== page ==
Last summer, following the first attempt to pass this legislation, I argued that we were at an inflection point and that the House and the Senate needed to set aside partisan differences and come together to meet the moment to deliver on demands for reform. My vote for the bill at the time reflected my sincere desire to move forward with negotiations, even though I held significant concerns about how the House bill eliminated qualified immunity protections for law enforcement officers. 

Unfortunately, there have been no negotiations since the legislation’s first passage, and the bill before us retains those same problematic changes. Because I understand what it is like to make split second, life-and-death decisions under pressure, and out of respect for the difficult decisions confronting law enforcement officers in the line of duty, I will not support this legislation today. 

Eliminating qualified immunity for law enforcement officers could result in unintended consequences for both individual law enforcement officers and the profession as a whole. Even so, there is room for lawmakers to clarify the intent of Section 1983 to ensure that American citizens’ rights are safeguarded while still ensuring law enforcement officers retain appropriate protections while on the job. 

While I am concerned about eliminating qualified immunity entirely, I do believe there are reasonable criticisms about how the courts have interpreted the doctrine, and given its evolution in recent years, I believe that lawmakers or the Supreme Court may need to take another look at it. For example, I believe that the Court overreached in Pearson v. Callahan (2009), ruling that courts have discretion to focus only on whether the conduct in question was a ‘clearly established’ violation of law without first considering if an individual’s rights had been violated. In the years that have followed the Pearson decision, there is evidence that plaintiffs in excessive force cases have had a more difficult time getting past qualified immunity.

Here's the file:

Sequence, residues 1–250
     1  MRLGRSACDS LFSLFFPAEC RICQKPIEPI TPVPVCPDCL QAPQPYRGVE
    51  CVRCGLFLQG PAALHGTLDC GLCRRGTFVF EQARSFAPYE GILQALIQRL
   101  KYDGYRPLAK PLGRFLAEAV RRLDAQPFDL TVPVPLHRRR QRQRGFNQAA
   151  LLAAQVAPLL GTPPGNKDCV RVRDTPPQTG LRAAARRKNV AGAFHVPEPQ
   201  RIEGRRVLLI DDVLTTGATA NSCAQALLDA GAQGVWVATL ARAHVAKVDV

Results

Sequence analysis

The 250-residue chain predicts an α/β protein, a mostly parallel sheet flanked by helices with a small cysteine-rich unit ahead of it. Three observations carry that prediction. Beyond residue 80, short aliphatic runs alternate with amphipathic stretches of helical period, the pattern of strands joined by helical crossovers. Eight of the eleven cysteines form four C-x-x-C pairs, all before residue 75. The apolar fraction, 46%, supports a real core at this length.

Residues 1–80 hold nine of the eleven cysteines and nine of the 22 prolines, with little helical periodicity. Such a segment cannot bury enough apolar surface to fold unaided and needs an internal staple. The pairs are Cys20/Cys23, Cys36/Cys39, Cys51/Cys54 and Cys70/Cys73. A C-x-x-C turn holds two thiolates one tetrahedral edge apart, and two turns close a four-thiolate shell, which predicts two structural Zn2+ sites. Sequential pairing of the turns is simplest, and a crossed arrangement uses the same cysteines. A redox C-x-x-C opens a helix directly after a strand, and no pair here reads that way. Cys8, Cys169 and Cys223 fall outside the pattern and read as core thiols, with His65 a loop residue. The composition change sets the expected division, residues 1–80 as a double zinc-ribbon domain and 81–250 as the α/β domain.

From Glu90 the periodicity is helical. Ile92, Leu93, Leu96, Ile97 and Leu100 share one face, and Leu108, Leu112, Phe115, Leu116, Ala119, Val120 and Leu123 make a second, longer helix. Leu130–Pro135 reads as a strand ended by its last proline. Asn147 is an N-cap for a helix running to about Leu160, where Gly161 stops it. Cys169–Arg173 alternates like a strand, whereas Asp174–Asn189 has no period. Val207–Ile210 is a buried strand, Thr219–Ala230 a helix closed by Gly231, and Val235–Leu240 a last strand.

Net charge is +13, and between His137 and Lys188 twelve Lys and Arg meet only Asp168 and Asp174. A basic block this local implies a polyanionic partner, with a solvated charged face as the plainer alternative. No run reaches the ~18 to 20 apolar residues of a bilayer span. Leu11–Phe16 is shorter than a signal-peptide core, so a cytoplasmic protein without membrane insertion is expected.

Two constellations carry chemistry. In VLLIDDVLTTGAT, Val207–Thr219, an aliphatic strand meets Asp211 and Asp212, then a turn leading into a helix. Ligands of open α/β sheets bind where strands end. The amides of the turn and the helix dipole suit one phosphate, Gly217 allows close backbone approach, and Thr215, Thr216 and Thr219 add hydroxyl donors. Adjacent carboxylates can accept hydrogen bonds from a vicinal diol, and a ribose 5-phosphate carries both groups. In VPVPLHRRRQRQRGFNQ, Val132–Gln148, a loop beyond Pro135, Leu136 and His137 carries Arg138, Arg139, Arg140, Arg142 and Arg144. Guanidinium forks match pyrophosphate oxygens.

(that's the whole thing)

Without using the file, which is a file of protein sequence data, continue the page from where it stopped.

In the past year, I have heard from Mainers across my district on these issues, including many law enforcement officers, who have all expressed support for lawful protests against racism. Law enforcement officers have spoken passionately about their commitment to protecting their communities, and they are open to new policies that could bring about improvements to how they do the job. With that in mind, there was a lot of room for agreement between the House and Senate bills last summer, and that still remains true today. That is why we should not let the failures of the last Congress lead us down the same path again. The nation needs to see that Congress can work together on difficult issues to deliver results. I hope the action the House takes today does not mark the end of the conversation, but instead can spur a renewed effort to find necessary compromise and get something positive done for the American people.”

Pingree's full statement:

“The vast majority of police do their jobs honorably and put themselves in harm’s way to keep us safe. But we cannot overlook egregious cases of police misconduct and our country’s long history of racial profiling and mistreatment of Black Americans by law enforcement. After our nation witnessed the murder of George Floyd, there was prolonged outcry for police accountability and real reforms to curb police brutality. While there’s no single bill that will erase generations of racial profiling or excessive force toward Black Americans, the Justice in Policing Act is critical step to rein in future abuses. This legislation will finally stop the barbaric use of chokeholds and end no-knock warrants, ensuring our nation has uniform standards for policing and the tools to hold bad actors accountable.”